1,1-Diphenyl-2-picrylhydrazyl (DPPH) is a stable nitrogen centered free radical which can be effectively scavenged by antioxidants [37]. Hence it has been widely used for rapid evaluation of the antioxidant activity of plant and microbial extracts relative to other methods [38]. DPPH is also considered as a good kinetic model for peroxyl radicals [39]. The ability of seaweeds to scavenge DPPH radicals was determined by the decrease in its absorbance at 517 nm. The present investigation has shown that the extracts of all the seaweeds exhibited DPPH scavenging activity, the most effective being G.acerosa which exhibited significantly higher DPPH scavenging activity (72.5% inhibition) followed by Haligra species (55% inhibition) when compared with the highest concentration of the standard BHT (72% inhibition) (Fig 1). The result is indicative of the hydrogen donating ability of G. acerosa, since the effects of antioxidants on DPPH radical scavenging is thought to be due to their hydrogen donating ability [40]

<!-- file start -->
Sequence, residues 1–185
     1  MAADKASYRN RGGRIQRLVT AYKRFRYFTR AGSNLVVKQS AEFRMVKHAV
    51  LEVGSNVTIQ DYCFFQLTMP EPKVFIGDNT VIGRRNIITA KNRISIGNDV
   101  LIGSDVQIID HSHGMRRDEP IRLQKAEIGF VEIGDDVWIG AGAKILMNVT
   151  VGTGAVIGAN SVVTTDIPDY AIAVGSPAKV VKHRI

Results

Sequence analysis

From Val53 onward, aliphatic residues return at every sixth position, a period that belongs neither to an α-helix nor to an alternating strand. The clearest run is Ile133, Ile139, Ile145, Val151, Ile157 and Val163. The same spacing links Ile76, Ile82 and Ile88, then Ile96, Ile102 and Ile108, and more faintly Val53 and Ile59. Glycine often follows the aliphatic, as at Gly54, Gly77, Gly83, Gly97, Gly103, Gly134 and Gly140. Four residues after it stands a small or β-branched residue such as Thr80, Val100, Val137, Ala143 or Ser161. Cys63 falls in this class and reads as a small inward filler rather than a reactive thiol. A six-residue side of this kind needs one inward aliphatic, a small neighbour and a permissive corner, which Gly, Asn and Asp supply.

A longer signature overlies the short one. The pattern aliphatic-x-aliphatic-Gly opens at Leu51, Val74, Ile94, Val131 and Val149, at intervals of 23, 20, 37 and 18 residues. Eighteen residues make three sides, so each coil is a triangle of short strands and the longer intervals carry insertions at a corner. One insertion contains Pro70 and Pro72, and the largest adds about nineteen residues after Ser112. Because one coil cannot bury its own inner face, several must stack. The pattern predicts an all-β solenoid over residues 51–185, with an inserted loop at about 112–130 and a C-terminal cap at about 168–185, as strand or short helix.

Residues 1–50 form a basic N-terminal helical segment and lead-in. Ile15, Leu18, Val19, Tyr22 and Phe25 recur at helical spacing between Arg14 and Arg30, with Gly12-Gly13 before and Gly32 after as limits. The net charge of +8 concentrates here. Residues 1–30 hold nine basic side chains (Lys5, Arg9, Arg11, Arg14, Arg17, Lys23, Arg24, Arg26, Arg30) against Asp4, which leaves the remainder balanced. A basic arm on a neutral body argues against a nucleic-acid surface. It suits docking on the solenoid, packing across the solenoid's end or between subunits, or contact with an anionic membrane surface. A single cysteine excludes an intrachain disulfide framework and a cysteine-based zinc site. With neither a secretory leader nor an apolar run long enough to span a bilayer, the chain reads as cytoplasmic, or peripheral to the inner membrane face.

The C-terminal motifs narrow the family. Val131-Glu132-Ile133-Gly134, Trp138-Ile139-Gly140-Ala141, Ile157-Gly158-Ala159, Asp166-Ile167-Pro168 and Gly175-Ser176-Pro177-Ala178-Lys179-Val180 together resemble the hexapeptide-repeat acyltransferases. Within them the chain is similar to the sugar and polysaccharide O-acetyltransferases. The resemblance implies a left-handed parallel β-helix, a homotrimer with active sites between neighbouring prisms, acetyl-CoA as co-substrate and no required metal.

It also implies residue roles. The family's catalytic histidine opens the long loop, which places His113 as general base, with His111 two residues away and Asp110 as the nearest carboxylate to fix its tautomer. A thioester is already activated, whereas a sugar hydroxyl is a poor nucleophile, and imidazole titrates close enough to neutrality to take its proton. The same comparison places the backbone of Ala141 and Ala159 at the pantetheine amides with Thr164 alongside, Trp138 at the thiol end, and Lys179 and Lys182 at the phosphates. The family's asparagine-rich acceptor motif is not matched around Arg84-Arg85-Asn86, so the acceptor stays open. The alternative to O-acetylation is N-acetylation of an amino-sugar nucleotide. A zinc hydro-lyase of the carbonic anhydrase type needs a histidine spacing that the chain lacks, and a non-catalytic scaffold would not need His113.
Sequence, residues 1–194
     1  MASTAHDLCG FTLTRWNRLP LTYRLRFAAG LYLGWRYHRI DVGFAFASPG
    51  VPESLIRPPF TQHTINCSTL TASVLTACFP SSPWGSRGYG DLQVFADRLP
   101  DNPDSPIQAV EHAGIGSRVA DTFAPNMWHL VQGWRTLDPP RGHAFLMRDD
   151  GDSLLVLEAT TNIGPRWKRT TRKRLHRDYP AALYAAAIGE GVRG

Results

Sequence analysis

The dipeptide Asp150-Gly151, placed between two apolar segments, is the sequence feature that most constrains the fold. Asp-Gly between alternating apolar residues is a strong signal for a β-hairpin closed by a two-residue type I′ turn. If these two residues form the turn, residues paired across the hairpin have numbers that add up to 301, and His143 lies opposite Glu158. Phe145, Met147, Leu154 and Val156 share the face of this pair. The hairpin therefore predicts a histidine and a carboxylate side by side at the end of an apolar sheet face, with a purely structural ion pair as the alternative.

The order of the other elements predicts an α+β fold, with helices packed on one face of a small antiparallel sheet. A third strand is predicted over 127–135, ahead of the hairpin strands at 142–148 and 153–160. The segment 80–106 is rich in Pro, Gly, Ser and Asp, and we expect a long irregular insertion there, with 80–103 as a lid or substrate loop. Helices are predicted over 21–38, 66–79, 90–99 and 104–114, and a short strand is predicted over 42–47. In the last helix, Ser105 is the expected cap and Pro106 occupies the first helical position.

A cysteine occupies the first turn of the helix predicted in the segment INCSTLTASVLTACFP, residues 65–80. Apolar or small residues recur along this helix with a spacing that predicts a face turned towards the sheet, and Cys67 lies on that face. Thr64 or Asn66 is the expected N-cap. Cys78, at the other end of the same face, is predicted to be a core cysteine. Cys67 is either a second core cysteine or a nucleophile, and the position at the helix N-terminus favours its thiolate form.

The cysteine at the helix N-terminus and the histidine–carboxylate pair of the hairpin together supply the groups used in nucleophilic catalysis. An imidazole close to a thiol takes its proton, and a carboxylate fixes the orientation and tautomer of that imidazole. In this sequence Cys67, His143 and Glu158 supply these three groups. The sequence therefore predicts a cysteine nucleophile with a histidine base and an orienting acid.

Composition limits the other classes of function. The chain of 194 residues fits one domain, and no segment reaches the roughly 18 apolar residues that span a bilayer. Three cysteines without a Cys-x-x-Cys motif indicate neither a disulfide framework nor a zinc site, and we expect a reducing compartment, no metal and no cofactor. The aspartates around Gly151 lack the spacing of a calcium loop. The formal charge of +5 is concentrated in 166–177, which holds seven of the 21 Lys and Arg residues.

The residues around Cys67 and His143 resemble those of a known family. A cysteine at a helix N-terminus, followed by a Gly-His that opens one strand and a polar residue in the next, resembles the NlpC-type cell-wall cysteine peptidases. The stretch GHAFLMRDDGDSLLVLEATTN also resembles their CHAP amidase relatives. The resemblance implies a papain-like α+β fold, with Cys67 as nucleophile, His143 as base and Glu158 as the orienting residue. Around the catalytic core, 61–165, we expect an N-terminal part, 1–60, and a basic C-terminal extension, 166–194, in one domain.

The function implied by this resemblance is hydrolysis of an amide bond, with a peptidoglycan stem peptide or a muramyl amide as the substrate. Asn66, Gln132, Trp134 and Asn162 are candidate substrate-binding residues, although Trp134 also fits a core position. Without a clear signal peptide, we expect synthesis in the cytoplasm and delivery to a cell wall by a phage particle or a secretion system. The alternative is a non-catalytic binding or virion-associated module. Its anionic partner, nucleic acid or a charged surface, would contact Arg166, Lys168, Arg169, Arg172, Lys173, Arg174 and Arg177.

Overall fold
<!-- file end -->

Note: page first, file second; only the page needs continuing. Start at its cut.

In addition, the ability to scavenge the DPPH radicals is related to the inhibition of lipid peroxidation [41]. Hence the ability of the seaweeds to prevent lipid peroxidation was assessed in RBC by inducing lipid peroxidation with H2O2. During lipid peroxidation, low molecular weight end products, probably malonaldehyde, are formed by oxidation of polyunsaturated fatty acids and react with two molecules of thiobarbituric acid to give a pinkish red chromagen. As shown in Fig 2, at a concentration of 100 μg/ml, G. acerosa inhibited lipid peroxidation to 65.6% similar to the reference compound BHT which showed 64.9% inhibition.

OHhas a short half-life and is the most reactive and damaging ROS. It causes oxidative damage to DNA, lipids and proteins [42]. The extract was examined for its ability to scavenge OHradicals generated by the Fenton reaction. When the seaweed extract and standard BHT (100 μg/ml) were added to the reaction mixture they removed hydroxyl radicals and prevented the degradation of 2-deoxyribose-2-ribose. G. acerosa exhibited the greatest scavenging effect of OHamong the seaweeds but less than the standard BHT. OHis known to be capable of abstracting hydrogen atoms from membranes and they bring about peroxidic reactions of lipids [43]. It is thus anticipated that G. acerosa would show antioxidant effects against lipid peroxidation on biomembranes and would scavenge OHradicals at the stages of initiation and termination.